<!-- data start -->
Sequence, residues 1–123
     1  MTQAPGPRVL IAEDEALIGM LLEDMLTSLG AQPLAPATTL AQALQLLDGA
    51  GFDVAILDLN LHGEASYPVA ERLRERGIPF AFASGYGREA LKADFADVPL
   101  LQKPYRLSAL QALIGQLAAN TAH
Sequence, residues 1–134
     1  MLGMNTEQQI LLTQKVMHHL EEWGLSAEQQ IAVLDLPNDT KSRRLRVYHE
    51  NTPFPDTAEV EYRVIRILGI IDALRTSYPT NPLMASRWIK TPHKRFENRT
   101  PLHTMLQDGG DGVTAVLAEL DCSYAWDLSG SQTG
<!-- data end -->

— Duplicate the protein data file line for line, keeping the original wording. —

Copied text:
Sequence, residues 1–123
     1  MTQAPGPRVL IAEDEALIGM LLEDMLTSLG AQPLAPATTL AQALQLLDGA
    51  GFDVAILDLN LHGEASYPVA ERLRERGIPF AFASGYGREA LKADFADVPL
   101  LQKPYRLSAL QALIGQLAAN TAH
Sequence, residues 1–134
     1  MLGMNTEQQI LLTQKVMHHL EEWGLSAEQQ IAVLDLPNDT KSRRLRVYHE
    51  NTPFPDTAEV EYRVIRILGI IDALRTSYPT NPLMASRWIK TPHKRFENRT
   101  PLHTMLQDGG DGVTAVLAEL DCSYAWDLSG SQTG